Just not that into it: Coping with depression.

Depression is a fairly common condition but is widely misunderstood and misdiagnosed (or not diagnosed at all).

For starters, depression doesn’t always look like the way people may imagine it; slumped on the couch in front of the TV for hours, wearing the same pajamas from last week (unwashed), not answering the phone, and saying you just want to die.

While there certainly are people whose depression does look like that, there are many whose depressive symptoms may be less obvious, even to their partners and family members, and go unrecognized for extended periods of time. (When it comes to loved ones, sometimes there can be a proclivity to ignore alarming behavioral changes; not because of negligence or naiveté, but because of the unsettling feelings that can arise when you admit to yourself that someone you love isn’t in a good place.)

One of the core clinical features of depression is anhedonia, which is the is inability or significantly decreased capacity to feel pleasure. Anhedonia can manifest as feeling less vibrant in how you feel and how you are able to enjoy activities that normally would evoke positive feelings. Many of my therapy patients have described their depression along these lines: I feel like I am living my life, showing up, going through the motions, and on the surface it all looks good in the pictures, but I’m not really there. I look at all the blessings in my life and wonder, gee that’s a fortunate existence, but why can’t I feel any joy or happiness? They may not be glued to the couch, but the sense of flatness and disconnect can be lonely, saddening, and feel plain old stuck.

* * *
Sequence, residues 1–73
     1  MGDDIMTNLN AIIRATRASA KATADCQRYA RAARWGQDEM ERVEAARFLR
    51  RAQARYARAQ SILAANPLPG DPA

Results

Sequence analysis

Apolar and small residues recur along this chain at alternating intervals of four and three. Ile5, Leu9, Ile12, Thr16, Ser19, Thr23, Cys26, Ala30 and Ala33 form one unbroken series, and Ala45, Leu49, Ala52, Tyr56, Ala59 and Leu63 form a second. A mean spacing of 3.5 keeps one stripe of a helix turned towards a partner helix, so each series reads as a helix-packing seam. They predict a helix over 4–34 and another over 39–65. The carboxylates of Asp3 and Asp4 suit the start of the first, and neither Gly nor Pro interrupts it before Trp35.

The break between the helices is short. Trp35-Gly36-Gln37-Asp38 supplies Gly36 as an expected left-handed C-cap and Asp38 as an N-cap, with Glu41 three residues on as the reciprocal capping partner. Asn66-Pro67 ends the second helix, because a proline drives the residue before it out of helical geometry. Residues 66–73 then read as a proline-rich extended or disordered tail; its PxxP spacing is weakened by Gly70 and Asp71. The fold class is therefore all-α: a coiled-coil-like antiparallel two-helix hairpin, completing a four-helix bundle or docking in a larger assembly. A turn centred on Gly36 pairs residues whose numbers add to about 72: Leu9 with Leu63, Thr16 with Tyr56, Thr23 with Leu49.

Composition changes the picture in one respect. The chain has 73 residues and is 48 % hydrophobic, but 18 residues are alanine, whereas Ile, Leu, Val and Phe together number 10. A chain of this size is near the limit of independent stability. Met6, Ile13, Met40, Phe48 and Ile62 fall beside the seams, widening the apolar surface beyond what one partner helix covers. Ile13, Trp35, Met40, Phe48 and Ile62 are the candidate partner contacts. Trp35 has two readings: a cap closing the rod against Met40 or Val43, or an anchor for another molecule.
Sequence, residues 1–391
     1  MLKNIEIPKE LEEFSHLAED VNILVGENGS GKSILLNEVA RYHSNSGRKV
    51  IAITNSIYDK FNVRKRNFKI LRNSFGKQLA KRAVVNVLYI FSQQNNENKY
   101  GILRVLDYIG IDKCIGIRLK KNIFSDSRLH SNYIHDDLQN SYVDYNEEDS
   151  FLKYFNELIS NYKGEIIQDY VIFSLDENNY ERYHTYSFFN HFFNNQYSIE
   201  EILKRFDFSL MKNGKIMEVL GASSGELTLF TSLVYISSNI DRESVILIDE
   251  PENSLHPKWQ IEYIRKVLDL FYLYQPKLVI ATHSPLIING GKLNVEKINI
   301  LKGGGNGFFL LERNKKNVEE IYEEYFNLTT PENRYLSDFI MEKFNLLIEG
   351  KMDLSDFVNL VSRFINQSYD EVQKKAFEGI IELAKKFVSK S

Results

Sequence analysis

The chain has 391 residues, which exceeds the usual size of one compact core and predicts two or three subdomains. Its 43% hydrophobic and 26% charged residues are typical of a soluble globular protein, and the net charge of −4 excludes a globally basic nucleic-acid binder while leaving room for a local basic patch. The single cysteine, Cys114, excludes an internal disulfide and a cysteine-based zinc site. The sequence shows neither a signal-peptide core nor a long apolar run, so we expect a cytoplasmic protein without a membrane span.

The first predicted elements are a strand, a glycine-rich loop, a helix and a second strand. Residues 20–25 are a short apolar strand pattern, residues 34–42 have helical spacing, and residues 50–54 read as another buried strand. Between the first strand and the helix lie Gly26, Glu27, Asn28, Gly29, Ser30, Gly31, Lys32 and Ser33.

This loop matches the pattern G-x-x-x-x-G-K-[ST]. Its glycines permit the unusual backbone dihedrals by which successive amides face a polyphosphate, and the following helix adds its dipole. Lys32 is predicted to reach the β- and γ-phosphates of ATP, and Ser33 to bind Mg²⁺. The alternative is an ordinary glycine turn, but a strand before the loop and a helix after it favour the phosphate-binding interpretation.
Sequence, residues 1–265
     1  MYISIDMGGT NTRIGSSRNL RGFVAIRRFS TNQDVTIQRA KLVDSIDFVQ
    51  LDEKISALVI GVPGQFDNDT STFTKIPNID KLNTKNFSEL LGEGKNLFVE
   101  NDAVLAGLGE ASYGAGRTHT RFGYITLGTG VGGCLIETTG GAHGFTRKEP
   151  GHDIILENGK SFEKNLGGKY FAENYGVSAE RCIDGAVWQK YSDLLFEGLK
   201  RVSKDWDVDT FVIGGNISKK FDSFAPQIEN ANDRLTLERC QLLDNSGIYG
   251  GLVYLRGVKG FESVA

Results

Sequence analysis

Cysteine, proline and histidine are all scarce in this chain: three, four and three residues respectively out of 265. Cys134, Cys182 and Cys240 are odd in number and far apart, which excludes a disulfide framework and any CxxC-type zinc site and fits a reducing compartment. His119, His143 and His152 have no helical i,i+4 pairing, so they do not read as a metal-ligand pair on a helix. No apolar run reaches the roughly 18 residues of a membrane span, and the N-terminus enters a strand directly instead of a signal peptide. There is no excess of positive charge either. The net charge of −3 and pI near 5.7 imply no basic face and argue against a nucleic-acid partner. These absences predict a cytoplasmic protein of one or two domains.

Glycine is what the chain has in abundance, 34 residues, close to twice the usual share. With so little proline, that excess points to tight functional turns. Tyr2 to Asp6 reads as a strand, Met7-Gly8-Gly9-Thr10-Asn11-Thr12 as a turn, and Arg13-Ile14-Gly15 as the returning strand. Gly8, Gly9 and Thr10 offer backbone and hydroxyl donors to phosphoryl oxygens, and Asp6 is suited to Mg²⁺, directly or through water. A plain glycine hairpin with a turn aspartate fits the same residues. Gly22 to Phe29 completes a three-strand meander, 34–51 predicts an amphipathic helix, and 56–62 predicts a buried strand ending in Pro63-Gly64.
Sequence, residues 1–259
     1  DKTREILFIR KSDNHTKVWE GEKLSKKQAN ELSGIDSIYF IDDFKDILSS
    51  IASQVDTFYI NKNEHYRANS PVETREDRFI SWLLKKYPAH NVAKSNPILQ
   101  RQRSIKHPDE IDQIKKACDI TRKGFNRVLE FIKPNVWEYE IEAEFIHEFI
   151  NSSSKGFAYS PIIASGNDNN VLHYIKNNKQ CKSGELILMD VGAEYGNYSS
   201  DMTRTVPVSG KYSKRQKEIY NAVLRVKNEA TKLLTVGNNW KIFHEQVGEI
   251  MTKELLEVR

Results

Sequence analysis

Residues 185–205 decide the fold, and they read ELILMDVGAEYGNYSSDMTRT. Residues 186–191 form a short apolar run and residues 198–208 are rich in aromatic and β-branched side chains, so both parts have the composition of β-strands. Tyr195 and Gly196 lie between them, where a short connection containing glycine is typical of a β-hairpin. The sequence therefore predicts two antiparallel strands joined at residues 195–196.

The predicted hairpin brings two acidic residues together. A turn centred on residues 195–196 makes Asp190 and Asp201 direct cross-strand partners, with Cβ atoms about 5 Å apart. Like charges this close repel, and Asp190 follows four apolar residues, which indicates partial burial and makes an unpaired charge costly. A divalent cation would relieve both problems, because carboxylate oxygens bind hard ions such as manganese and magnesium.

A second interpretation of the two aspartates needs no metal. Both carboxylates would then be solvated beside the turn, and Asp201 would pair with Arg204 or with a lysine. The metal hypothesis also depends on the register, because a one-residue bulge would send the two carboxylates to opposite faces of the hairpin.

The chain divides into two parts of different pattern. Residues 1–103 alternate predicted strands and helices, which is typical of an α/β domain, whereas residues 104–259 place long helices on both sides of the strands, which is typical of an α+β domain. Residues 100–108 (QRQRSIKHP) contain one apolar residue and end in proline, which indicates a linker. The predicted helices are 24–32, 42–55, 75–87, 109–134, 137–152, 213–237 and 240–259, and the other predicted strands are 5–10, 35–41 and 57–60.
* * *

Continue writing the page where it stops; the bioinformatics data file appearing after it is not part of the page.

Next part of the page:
Overcoming depression is a unique path for each individual, which is why it is important that treatment providers don’t have a one-size-fits-all approach in the way they treat the person suffering. There are many treatment options out there for depression — therapy, medication, alternative therapies, holistic approaches, herbs, behavioral exercises, etc. — and it is good to keep an open mind about what is out there that can be helpful.

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